Mental health support at school proves beneficial for student success

Overwhelming panic and suffering fill the heads of approximately 49.5% of high school students, with anxiety and depression as the culprit, according to the U.S Department of Health & Human Services

Providing support, Mr. Peyton gives a student advice. (Zoe Rosas)

According to Mayo Clinic, some symptoms of depression include poor performance, school absences, significant drops in grades and social isolation. Additionally, the Center for Disease Control’s Youth Risk Behavior Survey showed that 8.9% of high schoolers attempted suicide in 2019. 

All of these symptoms can possibly be identified by mental health professionals at school. Having methods of preventative care readily available for students may help reduce the risk of suicide, according to the CDC

“If you’re having a bad day with depression, it’s helpful to be able to have accommodations to leave your class, speak with your counselor and recollect yourself,” junior Ollie Ray said. 

IEP plans and 504 plans are available for students with mental health struggles. Acknowledging a student’s struggles and providing support is the priority of a 504 plan, while IEP’s recognize a student’s disability and help with goal setting. Furthermore, they receive accommodations such as extended time, flash passes which allow students a short break from class, and medication administration.  

“So many teachers or counselors are scared of interaction [with students] and they’re so afraid of offending someone, so they don’t say anything,”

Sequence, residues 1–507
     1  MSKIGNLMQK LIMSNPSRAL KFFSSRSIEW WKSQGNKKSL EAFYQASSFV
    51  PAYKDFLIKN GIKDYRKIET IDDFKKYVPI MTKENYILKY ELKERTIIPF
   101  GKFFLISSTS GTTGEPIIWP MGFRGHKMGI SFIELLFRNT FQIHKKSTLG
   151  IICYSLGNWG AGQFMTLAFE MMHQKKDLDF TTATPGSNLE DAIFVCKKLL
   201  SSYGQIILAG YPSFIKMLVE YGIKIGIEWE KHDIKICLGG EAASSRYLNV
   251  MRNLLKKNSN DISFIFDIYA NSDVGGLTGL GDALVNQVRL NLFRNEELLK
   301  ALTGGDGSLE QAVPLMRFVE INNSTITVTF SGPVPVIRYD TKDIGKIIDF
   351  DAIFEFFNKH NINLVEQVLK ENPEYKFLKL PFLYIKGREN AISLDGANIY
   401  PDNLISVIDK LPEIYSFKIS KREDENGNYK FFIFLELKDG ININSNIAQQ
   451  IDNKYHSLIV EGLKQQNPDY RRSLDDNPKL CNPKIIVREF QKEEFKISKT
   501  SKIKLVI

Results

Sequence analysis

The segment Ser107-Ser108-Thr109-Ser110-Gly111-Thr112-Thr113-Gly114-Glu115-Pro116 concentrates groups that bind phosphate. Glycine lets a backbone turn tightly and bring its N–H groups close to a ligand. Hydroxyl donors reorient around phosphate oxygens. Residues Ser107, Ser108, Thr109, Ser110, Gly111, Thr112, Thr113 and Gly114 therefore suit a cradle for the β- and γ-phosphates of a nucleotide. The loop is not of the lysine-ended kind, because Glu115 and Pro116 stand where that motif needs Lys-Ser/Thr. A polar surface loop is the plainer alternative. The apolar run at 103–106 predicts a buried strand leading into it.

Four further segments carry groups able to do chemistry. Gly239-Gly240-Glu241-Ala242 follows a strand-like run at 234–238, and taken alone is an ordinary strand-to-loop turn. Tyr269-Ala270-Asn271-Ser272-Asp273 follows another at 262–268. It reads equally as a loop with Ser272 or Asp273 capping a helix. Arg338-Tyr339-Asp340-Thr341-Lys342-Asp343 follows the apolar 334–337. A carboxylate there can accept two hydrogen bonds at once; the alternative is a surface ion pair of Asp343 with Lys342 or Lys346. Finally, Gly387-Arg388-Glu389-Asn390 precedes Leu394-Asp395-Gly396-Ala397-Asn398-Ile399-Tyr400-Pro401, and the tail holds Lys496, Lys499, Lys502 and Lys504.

— Rubi Cisneros

“I feel like my 504 plan was one of the best things to ever happen to me,” junior Angelina Cisneros said. “I had meetings and I was able to make strategies with the teachers so we could work something out to help me learn.”

Among the 18 mental health professionals in the building, counselors have the most interaction with students. Counselors provide academic advising, a listening ear and confidentiality, excluding safety concerns. Teachers may also give support if they have concerns about a student. 

“Teachers are sort of in that perfect position to notice,” school psychologist Kristina Crawford said. “If things seem different about a student, we rely on the teachers to keep us apprised to what’s going on.” 

Some students feel that the current support in place is lacking in sincerity and can be insensitive, due to receiving a lack of initiative. 

“So many teachers or counselors are scared of interaction [with students] and they’re so afraid of offending someone, so they don’t say anything,” Cisneros said. 

While teachers may seem reluctant to interact, they have been instructed to avoid too much engagement and contact the student’s counselor according to Crawford. Giving direct control to a counselor allows a mental health focused professional to resolve the issue. 

Fear of judgment is a common reason why students hesitate to get help, according to the Community Reach Center. People recognize the stigma associated with mental illness, and feel ashamed of their struggles. 

“You go to a school counselor and you talk about your problems; when I went they focused on my grades immediately and that’s not what a person needs in that moment of distress,” Ray said.

Grounding exercises, deep breathing and meaningful connections with friends can help reduce anxiety at school. Restful sleep and exercise is crucial for an adolescent brain to receive enough oxygen to function at full capacity according to Nemours Children’s Health. 

“Whether you have experienced anxiety, depression or another mental health issue yourself, most people know somebody who has, whether it’s a parent, sibling or friend,” Crawford said. “It affects so many people and it’s really something that does need to be acknowledged, as it’s kind of normal.”